New symbol to denote true open access (e.g. to scholarly literature), analogous to the copyright symbol
velterop at gmail.com
Fri Mar 21 12:17:17 CDT 2014
Apparently it is already in Unicode, as ⓐ (U+24D0) — from anonymous feedback.
No further need for a formal proposal.
On 21 Mar 2014, at 16:06, Asmus Freytag <asmusf at ix.netcom.com> wrote:
> On 3/21/2014 8:22 AM, Jan Velterop wrote:
>> But are the chances nil?
> Essentially you are trying to create a symbol for "this material is placed in the public domain". If you get that symbol adopted by similar authorities as those that created ©, then you would see it encoded in due time. If not, it would have to become massively adopted to become a "de-facto" convention first, but, without an encoded character, that is really unlikely. So, if you are serious about his idea, the rout is to get the convention formally adopted first.
>> It would be a nice complement to the series of ©, ®, ℗, etcetera and perform a similar function. A symbol for Creative Commons, presumably a double c in a circle, would probably indicate the document in question is covered by one of the CC licences, but it wouldn't be clear by which one, which may be an impediment for having a symbol. Similarly, copyleft is also a licensing scheme, and as such is not quite as unambiguous as ©, ®, and ℗ are. Also, neither a cc or a copyleft symbol is in the same 'single encircled letter' convention.
>> For the encircled 'a' symbol for open access it is proposed to use this definition:
>> "The symbol for 'open access', if applied to documents and images, indicates their free availability, on the internet or otherwise, permitting any users to read, download, copy, distribute, (re)print, search, or link to the full texts of such documents, crawl them for indexing, pass them as data to software, or use them for any other lawful purpose, without financial, legal, or technical barriers other than those inseparable from gaining access to the internet itself or to printing materials and facilities. The only constraint on reproduction and distribution, and the only role for copyright in this domain, should be to give authors control over the integrity of their work and the right to be properly acknowledged and cited.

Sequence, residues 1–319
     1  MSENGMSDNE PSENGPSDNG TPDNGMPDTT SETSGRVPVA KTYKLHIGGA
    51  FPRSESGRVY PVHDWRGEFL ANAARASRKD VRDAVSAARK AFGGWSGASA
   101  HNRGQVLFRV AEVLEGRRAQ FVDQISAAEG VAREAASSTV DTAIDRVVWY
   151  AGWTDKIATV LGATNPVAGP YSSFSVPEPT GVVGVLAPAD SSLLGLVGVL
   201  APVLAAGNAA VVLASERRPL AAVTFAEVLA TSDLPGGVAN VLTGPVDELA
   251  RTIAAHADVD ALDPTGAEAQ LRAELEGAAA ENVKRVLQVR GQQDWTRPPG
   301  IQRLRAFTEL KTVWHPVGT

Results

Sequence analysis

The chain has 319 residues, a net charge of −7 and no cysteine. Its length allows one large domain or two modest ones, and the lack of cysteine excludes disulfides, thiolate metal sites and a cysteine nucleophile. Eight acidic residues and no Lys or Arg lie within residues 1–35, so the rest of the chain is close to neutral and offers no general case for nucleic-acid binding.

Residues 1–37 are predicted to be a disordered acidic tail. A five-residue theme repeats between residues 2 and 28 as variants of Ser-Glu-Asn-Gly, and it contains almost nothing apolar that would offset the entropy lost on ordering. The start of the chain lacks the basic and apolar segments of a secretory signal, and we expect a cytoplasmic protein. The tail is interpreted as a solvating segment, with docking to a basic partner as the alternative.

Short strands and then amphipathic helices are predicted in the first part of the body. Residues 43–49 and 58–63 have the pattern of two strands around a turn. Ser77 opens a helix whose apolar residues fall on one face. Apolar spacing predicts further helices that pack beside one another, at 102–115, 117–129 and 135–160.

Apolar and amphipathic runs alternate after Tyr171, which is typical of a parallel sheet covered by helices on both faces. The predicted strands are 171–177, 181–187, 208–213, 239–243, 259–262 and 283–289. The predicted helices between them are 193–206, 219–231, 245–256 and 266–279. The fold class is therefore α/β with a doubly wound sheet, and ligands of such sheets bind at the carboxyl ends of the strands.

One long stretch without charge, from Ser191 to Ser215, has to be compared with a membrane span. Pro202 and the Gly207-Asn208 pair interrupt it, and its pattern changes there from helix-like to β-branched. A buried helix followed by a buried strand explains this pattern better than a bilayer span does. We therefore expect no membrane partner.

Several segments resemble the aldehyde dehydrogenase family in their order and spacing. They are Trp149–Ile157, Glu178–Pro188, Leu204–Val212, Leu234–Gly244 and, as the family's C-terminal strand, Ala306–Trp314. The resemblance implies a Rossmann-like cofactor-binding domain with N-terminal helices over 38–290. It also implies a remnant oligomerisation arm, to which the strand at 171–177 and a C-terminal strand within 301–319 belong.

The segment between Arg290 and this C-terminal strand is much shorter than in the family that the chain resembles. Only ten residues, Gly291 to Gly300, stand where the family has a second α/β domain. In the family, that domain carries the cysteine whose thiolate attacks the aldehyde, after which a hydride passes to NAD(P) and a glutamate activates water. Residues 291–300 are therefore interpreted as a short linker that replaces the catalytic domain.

>> Jan Velterop
>> On 21 Mar 2014, at 14:33, Jörg Knappen <jknappen at web.de> wrote:
>>> Even when this symbol really catches on (what I doubt because it is too close to the @ sign in the first place) chance are low that it will be encoded in UNicode. Precedents like the Creative Commons sign or the Copyleft sign have been discussed on this mailing list (search the archives for the relevant threads) but were never encoded in UNicode.
>>> When the symbol does not catch on, why should it be encoded in UNicode?
>>> --Jörg Knappen
>>> Gesendet: Freitag, 21. März 2014 um 12:14 Uhr
>>> Von: "Jan Velterop" <velterop at gmail.com>
>>> An: unicode at unicode.org
>>> Betreff: New symbol to denote true open access (e.g. to scholarly literature), analogous to the copyright symbol
>>> May I propose a new Unicode symbol to denote true open access, for instance applied to scholarly literature, in a similar way that © and ® denote copyright and registered trademarks respectively? The proposed symbol is an encircled lower case letter a, in particular in a font where the a has a 'tail', as in a font like Arial, for instance, and not as in a font like Century Gothic.
>>> A sketch of what I have in mind is here: http://theparachute.blogspot.co.uk/2014/03/proposed-open-access-symbol.html
>>> The intended use would be for documents and images that have been published with so-called BOAI-compliant open access (http://www.budapestopenaccessinitiative.org/read), meaning that all reuse is permitted, with the only permissible condition that the author(s) should be acknowledged (CC_BY licence: http://creativecommons.org/licenses/by/4.0/). This condition would not be mandatory, and also public domain, CC-0 licences would be denoted by the proposed symbol (http://creativecommons.org/publicdomain/zero/1.0/)
>>> I am seeking comments and support for this proposal.
>>> Jan Velterop
>>> Unicode mailing list
>>> Unicode at unicode.org
>> Unicode mailing list
>> Unicode at unicode.org
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